HOW DID Skull Valley, AZ, GET its NAME?

It is best told by Will C. Barnes in his book, “Arizona Place Names,” in which he said, ‘There is documentation to demonstrate that the name Skull Valley dates back to at least 1864 when the first gubernatorial party arrived in the future Prescott. There were several severe battles with Indians after the arrival of white men in Skull Valley.

Bones greeted travelers along the path through this valley following a massacre in the 1800s. The abundance of skulls was described by some as the result of a battle between Indian tribes, while another story attributed the skulls to white men who were murdered by hostile Indians. Another skirmish between explorers and natives in the 1860s led to the deaths of dozens of Indians, who were left where they fell without being buried. 

Soldiers from Captain Hargraves’ company of the First California Volunteers escorting Coles Bashford came through this valley southwest of Prescott in 1864 found piles of bleached skulls of Indians indicating a fierce battle had been fought here. Most likely they Yavapai or Tonto Apache against Maricopa or Pima. It appeared to them the latter came out the victors.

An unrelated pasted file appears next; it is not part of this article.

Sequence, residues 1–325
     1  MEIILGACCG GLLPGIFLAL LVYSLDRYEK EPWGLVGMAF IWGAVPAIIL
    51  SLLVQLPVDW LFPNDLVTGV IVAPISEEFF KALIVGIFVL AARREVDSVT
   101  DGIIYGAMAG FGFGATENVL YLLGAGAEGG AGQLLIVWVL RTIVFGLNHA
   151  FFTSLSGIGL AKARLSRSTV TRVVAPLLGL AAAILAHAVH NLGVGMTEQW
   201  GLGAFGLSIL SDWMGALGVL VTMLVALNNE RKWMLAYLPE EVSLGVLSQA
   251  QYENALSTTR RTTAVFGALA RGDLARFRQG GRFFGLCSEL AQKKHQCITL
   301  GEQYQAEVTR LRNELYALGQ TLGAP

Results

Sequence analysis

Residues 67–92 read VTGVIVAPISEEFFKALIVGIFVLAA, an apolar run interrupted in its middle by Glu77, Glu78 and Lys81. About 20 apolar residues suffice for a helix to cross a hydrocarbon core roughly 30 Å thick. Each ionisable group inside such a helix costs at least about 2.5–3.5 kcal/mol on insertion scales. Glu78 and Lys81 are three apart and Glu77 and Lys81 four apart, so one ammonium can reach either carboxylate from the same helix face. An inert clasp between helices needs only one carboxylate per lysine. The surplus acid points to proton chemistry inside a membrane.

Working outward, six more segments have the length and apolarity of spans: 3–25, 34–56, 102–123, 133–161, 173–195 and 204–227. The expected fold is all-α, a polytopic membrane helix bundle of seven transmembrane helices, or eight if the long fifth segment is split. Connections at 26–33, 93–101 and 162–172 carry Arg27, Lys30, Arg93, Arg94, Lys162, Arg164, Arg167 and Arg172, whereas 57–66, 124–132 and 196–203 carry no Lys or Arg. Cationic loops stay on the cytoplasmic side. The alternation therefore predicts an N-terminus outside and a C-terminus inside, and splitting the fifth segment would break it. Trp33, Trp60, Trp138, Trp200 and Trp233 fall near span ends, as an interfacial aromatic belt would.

Camp Skull Valley was established here on April 10, 1866 to protect settlers and travelers on the La Paz, (near today’s Ehrenberg) and Prescott road. The site was badly placed and in May, 1867 it was moved back to Camp Date Creek, 50 miles southwest of Prescott.

Another battle took place here on August 12, 1866 between four civilians and four soldiers against more than a hundred Indians. One of them went for help and more soldiers arrived. During a parley the natives claimed all the grass and water belonged to them. A battle ensued and when the smoke cleared, 23 Indians were dead. Several more were found in the area.

However, the name actually derives from the fact that the first white men who entered Skull Valley found piles of bleached Indian skulls. The skulls were the remains of a bitter battle between Apaches and Maricopas. The dead were left where they fell. At least 35 more skulls were added to the bleaching bones as a result of a fight on August 12, 1866, in which six freighters, five citizens, and four soldiers battled more than 100 Indians.” This ladder battle occurred near Grape Vine Springs on the West side of Skull Valley.

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